It wasn't long before Holmes, who'd been running construction companies since he was 19, offered up some opinions.
"You guys have it all wrong," he told Quast. What followed was a spirited half-hour rant about all the houses Holmes had needed to fix because amateurs thought they could do the jobs of electricians and plumbers, and how the network should instead be documenting the nightmares caused by horrendous workmanship. After Holmes apologized for his "diarrhea of the mouth," Quast urged him to write down the concept. "I said, 'You'd have to host it. With the passion I see there, I can't see anyone else doing it.' "
Holmes's rage played great on TV. From each episode's "holy shit" moments when he revealed to homeowners the extent of their problems, to the "shock and awe tour" when they saw the demolition performed by his crew and listened to Holmes, veins popping in his neck, inveigh against the shoddy labour, to the redemptive ending of a family back in its nest, Holmes was more than the host-he was the show. "I used to say, 'Mike, your sweat is gold,' " recalls Quast. " 'The more you sweat, the happier I am.' "
It's always been one of the challenges, that you're building the brand on the shoulders of a man who needs to sleep and eat. Michael Quast
By the fall of 2004, Holmes on Homes was a big hit, drawing 250,000 viewers. The timing was perfect: Amid a long boom in the housing market, home renovation had become a pop-cultural phenomenon. "When you'd buy a house, there was an expectation that you'd do something to it," says Mark Healy, a Toronto marketing strategist. "Holmes tapped into that sentiment in an accessible way. Consumers generally feel disenfranchised and skeptical, so there's a tremendously untapped appetite for that." The show had no scripts; Holmes spoke plain English; he had authority; he got mad-a Don Cherry of construction.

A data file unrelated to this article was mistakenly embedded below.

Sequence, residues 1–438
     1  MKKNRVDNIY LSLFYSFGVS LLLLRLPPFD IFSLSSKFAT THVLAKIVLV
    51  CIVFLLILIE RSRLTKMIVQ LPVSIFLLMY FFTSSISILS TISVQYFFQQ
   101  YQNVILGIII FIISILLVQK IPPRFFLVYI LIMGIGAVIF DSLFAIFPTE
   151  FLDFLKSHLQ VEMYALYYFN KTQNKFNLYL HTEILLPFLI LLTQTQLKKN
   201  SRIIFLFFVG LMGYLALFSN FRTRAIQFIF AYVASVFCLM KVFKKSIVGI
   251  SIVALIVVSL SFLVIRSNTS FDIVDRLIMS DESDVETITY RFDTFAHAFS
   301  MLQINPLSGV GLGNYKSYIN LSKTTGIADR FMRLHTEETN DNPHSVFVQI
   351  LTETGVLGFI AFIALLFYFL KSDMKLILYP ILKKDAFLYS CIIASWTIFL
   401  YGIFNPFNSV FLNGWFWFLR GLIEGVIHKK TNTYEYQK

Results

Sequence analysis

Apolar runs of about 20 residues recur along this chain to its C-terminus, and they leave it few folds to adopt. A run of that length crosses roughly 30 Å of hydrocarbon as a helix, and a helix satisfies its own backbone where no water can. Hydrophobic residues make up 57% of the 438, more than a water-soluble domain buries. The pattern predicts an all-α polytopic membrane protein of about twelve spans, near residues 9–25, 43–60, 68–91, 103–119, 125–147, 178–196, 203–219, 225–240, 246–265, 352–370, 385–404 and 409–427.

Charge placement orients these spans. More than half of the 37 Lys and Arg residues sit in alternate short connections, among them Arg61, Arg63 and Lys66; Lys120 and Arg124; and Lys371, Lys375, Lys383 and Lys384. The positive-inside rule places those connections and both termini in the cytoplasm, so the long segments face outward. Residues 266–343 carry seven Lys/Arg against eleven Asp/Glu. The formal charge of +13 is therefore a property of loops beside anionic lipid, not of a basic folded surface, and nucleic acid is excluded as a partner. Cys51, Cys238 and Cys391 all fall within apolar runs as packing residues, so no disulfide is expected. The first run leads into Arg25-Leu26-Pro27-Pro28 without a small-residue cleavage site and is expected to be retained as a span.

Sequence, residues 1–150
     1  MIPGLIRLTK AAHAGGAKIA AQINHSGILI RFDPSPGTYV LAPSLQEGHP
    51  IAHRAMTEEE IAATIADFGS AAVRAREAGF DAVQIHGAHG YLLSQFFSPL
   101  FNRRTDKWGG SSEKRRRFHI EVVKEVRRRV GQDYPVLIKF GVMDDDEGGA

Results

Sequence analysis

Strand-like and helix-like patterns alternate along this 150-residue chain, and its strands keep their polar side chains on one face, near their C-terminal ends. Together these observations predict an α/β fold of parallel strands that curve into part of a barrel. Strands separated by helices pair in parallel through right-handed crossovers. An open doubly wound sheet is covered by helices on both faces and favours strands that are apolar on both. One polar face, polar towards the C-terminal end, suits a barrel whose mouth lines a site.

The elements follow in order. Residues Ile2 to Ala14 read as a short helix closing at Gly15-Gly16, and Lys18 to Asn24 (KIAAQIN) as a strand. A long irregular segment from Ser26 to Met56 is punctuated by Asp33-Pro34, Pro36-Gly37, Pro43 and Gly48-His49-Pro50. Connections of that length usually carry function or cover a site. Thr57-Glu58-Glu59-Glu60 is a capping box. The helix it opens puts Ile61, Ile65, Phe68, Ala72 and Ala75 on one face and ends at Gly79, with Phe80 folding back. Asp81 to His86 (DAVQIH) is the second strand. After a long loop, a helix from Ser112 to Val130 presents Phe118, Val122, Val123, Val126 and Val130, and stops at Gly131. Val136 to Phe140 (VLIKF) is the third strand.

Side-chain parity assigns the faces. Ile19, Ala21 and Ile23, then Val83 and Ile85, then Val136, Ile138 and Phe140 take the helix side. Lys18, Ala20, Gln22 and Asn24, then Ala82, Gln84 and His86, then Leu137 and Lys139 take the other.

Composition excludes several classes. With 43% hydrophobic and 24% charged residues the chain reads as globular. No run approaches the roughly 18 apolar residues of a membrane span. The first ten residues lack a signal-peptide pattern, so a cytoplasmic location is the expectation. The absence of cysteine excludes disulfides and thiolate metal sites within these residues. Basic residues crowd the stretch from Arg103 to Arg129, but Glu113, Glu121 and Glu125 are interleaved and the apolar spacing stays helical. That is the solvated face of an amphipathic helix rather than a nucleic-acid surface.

Nevertheless, television does require some touch-ups. In 2003, the network demanded Holmes take media training after his language got a bit too salty. Lynda Reeves, who gave Holmes his first TV exposure on her House & Home HGTV show, remembers him as a quiet carpenter. The biceps weren't on display. "Someone told him that his physique is important, but that didn't strike me as the main thing," she says. "Clearly, they've encouraged him to be blunt."
Despite his success, by 2005 Holmes was thinking of quitting. His partnership with his producer, Scott Clark McNeil, had soured. No one at the Holmes Group will discuss what went wrong, but the fact that McNeil pushed for a single sponsor for the show-what Sears is to Extreme Makeover: Home Edition in the U.S.-and publicly likened Holmes to an action figure suggests his approach may have been too commercial for the idealistic Holmes. "They divorced, and the kids went with dad," is how Quast describes the fallout.
Which is when Quast and Kettlewell got the call. Though they'd both worked with Holmes, they didn't know each other, yet immediately agreed on the potential. There was no grand plan for a brand empire, says Quast. Holmes's goal was simple: educate homeowners, build better houses and improve the state of skilled trades. To do that, he needed broader reach, a bigger pulpit. "You can't build a sustainable business just on television," says Quast. "But we were motivated by the desire to make sure the core integrity of this stayed true and didn't fall apart into mush." Right there in Holmes's garage, the trio decided to form a company and picked their titles-Quast took vice-president of business development, focusing on building the Holmes brand, while Kettlewell, as VP of production, would oversee the show.
Quast, a soft-spoken, middle-aged guy who dresses in polo shirts and slacks but who has the most corporate-looking office at the Holmes Group, displays none of the marketing maven's bravado: The company has grown by trial and error, he says, and it was really "through serendipity" that things started to gel. As season 5 launched, the Holmes Group put out DVDs of past shows and went looking for a book publisher. Every potential venture or partnership was vetted by three criteria: Is it on message? Is it something Mike would use? Is it the right thing to do? "That sounds falsely noble, but it's genuine," says Quast.